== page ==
Cells From The Iris May Replace Retinal Photoreceptors

by Dan Roberts
November 2001
An online publication of the December 2001 publication of Nature Neuroscience has reported that, with genetic manipulation, cells from the iris may be able to replace photoreceptor cells in the retina.
In recent experiments, Dr. Masatoshi Haruta of Kyoto University and colleagues took iris cells from rat eyes, then introduced a gene called Crx that is normally expressed in the photoreceptors. The procedure caused the iris cells to express rhodopsin, a substance in the retina that adapts the eye to changes in light.
According to Haruta, it might be possible to remove some iris tissue, coax the cells into taking on retinal qualities, then transplant them back into the patient’s eye.
The researchers conclude that the preliminary study raises “the possibility that [iris] cells constitute a potential source of retinal transplantation in patients with retinal degenerative diseases or damaged retinas.”
Following are comments on the study by Tom Hoglund, Information Officer for the Foundation Fighting Blindness:
There is a large effort to genetically manipulate cells to offer therapeutic outcomes. For example, Neurotech and The Foundation are working to develop an implantable drug delivery device that contains cells genetically altered to produce large amounts of various survival factors. In animal models, cells transfected with the gene that produces ciliary neurotrophic factor (CNTF) slowed vision loss. This kind of genetic manipulation–adding a single gene or increasing the expression of a certain gene–is a bit further along than the effort to turn an iris cell into a photoreceptor cell.
Over the last few years, researchers have been examining iris cells as possible replacements for retinal pigment epithelial (RPE) cells. RPE cells support photoreceptor cell function by shuttling nutrients, oxygen and various survival factors to the photoreceptor cell layer. Iris cells have some but not all of the same biological capabilities as RPE cells. It could be that when transplanted into the micro environment of the RPE cell layer, iris cells will take on RPE cell function. Or, researchers may need to catalog all functions of RPE cells; figure out how these biological functions are genetically performed; and then manipulate the iris cell to include any missing genes. Iris cells have been transplanted in the sub retinal space in humans and they seem to survive. However, more work is needed to determine whether they can function.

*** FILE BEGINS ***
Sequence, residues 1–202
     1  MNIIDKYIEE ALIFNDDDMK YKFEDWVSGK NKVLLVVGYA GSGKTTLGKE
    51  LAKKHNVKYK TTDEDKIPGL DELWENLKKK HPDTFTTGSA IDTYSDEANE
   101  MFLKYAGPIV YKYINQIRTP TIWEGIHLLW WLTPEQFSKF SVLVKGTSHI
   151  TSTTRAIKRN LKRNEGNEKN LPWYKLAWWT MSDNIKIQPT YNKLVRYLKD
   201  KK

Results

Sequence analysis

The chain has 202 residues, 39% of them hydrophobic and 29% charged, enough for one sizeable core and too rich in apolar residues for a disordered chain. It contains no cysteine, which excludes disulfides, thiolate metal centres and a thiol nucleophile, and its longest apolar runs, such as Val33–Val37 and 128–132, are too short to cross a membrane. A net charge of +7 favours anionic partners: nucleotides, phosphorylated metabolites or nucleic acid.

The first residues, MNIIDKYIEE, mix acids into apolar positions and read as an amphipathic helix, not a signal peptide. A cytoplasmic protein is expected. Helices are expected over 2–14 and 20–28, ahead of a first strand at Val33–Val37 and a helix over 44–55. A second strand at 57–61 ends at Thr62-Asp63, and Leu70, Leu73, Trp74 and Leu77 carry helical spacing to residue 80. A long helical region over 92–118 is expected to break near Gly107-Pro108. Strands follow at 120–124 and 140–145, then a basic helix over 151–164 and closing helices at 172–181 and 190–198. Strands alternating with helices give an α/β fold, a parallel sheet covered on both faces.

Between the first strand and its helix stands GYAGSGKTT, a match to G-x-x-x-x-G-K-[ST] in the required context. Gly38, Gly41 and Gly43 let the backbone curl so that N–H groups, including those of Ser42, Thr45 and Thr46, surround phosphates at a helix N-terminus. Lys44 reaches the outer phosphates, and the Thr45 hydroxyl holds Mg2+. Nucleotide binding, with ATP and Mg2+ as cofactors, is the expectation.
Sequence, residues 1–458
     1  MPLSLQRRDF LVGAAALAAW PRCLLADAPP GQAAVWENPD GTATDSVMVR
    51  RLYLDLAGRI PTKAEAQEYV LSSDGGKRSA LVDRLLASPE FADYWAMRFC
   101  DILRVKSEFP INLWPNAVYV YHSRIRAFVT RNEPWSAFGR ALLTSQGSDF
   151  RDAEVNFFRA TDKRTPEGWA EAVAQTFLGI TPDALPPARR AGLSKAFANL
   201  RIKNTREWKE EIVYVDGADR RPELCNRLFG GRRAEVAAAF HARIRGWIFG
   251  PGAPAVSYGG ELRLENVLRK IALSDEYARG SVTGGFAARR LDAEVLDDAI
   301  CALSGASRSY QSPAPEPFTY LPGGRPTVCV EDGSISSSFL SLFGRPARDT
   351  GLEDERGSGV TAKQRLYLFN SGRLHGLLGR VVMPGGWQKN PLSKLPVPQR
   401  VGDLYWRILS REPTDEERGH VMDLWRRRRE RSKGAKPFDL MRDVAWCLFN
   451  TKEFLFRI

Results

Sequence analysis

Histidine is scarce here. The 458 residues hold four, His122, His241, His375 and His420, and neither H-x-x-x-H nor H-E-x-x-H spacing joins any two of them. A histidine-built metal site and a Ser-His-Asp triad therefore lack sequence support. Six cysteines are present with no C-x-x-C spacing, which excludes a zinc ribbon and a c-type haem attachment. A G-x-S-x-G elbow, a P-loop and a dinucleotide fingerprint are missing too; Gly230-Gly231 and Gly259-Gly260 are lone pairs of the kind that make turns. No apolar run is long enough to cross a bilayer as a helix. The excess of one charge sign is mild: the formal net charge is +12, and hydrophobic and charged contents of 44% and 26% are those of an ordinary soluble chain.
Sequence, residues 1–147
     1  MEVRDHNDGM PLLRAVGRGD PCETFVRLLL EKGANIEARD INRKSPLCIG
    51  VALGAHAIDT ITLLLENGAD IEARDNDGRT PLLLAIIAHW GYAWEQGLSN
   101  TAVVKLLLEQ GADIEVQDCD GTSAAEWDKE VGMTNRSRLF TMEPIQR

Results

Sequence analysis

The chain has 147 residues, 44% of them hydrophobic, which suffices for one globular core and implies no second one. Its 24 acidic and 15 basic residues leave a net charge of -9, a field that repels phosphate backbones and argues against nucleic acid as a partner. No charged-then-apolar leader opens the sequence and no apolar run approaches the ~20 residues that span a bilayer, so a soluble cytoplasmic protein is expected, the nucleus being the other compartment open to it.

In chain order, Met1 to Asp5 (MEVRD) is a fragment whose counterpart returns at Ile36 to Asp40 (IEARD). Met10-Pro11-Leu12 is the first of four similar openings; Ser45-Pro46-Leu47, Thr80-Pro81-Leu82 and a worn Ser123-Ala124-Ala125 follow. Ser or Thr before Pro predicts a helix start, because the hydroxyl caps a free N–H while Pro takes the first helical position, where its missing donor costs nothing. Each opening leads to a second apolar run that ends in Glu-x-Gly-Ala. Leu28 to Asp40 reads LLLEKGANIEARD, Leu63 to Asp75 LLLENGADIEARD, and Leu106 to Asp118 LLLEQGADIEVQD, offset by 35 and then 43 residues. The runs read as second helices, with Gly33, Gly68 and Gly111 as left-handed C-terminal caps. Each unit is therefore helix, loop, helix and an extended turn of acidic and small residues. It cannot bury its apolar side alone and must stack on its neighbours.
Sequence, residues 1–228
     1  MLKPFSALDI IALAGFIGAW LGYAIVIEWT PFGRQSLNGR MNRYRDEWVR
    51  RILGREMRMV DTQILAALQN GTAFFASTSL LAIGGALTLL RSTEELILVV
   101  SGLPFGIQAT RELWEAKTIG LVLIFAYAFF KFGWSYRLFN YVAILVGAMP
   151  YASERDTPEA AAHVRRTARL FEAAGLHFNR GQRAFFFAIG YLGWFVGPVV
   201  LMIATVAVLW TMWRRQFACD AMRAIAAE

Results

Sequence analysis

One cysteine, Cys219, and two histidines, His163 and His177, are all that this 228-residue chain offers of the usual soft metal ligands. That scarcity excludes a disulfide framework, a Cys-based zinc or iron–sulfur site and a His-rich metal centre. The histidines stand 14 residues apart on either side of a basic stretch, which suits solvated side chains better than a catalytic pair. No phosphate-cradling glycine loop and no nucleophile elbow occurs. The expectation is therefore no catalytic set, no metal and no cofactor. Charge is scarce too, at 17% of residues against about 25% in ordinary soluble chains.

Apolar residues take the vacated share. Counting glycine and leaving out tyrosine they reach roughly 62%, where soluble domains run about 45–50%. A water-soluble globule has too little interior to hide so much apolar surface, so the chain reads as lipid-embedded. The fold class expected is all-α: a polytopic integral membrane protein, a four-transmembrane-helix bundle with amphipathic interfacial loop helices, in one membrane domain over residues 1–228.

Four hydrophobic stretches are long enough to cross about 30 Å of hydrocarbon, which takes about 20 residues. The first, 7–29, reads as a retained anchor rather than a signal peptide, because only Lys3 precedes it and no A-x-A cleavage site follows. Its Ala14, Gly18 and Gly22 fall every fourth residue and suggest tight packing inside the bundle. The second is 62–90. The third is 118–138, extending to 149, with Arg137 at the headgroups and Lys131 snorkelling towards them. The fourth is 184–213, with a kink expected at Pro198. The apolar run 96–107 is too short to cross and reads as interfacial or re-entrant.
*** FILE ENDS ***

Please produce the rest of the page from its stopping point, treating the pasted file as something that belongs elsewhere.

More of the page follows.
The effort to turn an iris cell into a neural photoreceptor cell is a bit more complicated. CRX, a gene discovered with funding support by FFB, is but one gene involved in photoreceptor cell function. This study shows that with CRX, the iris cells were able to produce rhodopsin, the visual pigment that begins the process of absorbing light and turning it into an electrical signal. The next steps would include creating the neural circuitry that transmits the electrical signals on to other cells.
Further, If these cells would be used in an autologous transplant setting (where the patient was the donor), then it would have to be clear that the iris cells don’t carry the same genetic defect that the photoreceptor or RPE cells carry. This work is all very promising and the faster researchers can discover a complete genetic picture of the retina, the quicker researchers can perfect gene-based therapies.
Genetic medicine holds so much potential in treating disease.